I was able to talk to my wife later that day.  She was stuck at the airport in St. Louis for a day.  She was stuck but okay, and I was relieved to speak with her.  By midday, we knew what had happened, but it was still scary and hard to believe.  A couple weeks later, we found out that she was pregnant.  We were going to have a child.

Ten years on, I spent this anniversary of the attacks in Prospect Park, Brooklyn.  My son, Noel, had his first flag football practice today.  He’s been waiting for this day for a long time – he loves football and so wants to play.  He was incredibly happy, happier than I have seen him in other sports, and it was a joy to watch him play.

While the kids were practicing with Coach Marc, the other dads recounted where they were on September 11, 2001.  One worked just a few blocks from the towers and managed to escape the area as the towers were falling down to the ground.  The other had witnessed attacks from his apartment in Brooklyn, where he had a clean view of the events.  He’d been taking photos of the skyline that morning, and only later, upon developing his film, did he realize that he’d caught images of the second plane flying into the second tower.

I didn’t live in New York then, but I do now.  Noel was born on May 28, 2002, and I am raising him here.  New York – or Brooklyn, more precisely – will be the place he always calls home.  He has no memory of 9-11, though he knows what happened.  All his life, his country has been at war.  When I think about his life and my life, this post-9-11 world seems like a weird and different place, and this America is not at all the country I grew up in.  Yet this is his country, and on this day that I remember with somber feelings and sadness, he had a great football practice.  Later, we went home and watched the games on television.  Then I called my brother and wished him happy birthday, like I do every year on 9-11.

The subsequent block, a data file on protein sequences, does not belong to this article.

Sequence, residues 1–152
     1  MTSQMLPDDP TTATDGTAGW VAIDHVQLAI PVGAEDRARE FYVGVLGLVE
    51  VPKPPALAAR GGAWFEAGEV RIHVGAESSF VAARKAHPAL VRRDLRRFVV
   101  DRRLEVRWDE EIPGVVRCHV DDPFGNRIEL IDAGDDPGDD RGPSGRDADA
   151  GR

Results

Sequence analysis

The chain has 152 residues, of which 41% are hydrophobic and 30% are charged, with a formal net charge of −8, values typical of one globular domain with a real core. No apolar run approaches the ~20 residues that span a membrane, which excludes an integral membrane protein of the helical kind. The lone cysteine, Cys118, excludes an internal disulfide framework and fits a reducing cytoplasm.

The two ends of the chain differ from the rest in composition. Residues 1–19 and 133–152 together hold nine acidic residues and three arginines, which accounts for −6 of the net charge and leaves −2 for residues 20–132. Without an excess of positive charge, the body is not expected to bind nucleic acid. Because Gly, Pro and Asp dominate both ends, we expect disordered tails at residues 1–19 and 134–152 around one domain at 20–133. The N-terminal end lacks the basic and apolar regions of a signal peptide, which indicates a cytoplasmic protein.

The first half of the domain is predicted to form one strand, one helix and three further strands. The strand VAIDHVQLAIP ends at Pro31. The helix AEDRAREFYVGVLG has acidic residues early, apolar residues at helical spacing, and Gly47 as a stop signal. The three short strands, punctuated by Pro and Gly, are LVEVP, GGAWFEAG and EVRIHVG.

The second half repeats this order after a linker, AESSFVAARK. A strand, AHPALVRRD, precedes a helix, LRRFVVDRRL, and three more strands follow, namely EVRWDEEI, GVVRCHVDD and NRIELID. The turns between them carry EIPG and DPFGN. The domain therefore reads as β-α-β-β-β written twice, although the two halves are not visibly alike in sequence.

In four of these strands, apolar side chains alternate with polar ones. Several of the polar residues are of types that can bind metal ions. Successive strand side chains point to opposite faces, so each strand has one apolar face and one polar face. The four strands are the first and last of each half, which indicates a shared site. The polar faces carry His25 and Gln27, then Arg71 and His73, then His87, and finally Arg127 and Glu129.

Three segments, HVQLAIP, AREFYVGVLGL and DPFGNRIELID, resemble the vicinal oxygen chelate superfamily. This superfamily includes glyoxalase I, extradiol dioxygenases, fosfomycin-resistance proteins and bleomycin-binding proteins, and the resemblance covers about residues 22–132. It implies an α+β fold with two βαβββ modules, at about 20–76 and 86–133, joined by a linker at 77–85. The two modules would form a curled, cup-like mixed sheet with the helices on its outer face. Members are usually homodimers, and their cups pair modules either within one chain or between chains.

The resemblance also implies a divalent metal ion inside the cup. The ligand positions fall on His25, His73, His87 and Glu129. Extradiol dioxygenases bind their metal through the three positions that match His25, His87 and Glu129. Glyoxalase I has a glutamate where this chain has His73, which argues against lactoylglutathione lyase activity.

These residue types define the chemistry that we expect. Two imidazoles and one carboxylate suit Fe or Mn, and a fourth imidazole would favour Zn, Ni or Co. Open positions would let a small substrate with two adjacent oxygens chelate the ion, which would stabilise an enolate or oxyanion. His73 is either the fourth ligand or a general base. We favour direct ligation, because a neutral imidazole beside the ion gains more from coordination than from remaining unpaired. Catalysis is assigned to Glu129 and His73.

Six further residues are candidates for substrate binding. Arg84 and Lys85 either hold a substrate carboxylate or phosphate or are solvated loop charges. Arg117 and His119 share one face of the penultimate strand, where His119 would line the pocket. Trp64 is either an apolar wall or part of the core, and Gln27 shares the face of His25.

Notes and Credits

Photographs by the author.  The first is of the flag at half-mast at PS 130, The Parkside School.  The school is just next to the entrance to the Fort Hamilton Parkway Subway Station for the F and G trains in Brooklyn.  It’s where we live, and the site of an earlier post, Without the Truth, You Are the Looser.

The photograph of the airplane in the clouds was taken in Prospect Park, near the “dog beach.”  That’s where my son’s team was practicing this morning.  Prospect Park is beneath one of the main approaches to LaGuardia Airport, and you can hear the planes fly over every couple of minutes most days.  Today, it was cloudy, low clouds, and the planes could only be seen in the haze, rocketing over us on their way into the airport.  Fifty-one years ago, a plane crashed into Park Slope along that flight path.  It was one of the worst disasters in New York history to that point; 134 people died in the crash.  From 2004 to 2006, I lived on Sterling Place, the street where the plan crashed in 1960.  My neighbor, Ms. Phipps was a witness that day and had told me about it. You can find a photo essay of it here.

Planes and clouds.  It seems we have always lived under flight paths.  In Minnesota, we lived just under main approach to the Minneapolis Airport.  Noel’s first word was “airplane.”  As we were leaving Prospect Park after practice, we saw a man selling bubble-making kits for kids.  He filled the playground with bubbles as he walked along.

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Filed under conflict, danger, death, fathers, freedom, life, New York, Park Slope, playing, politics, sons, struggle, toys, truth, war, youth

Another year and we remember, 2010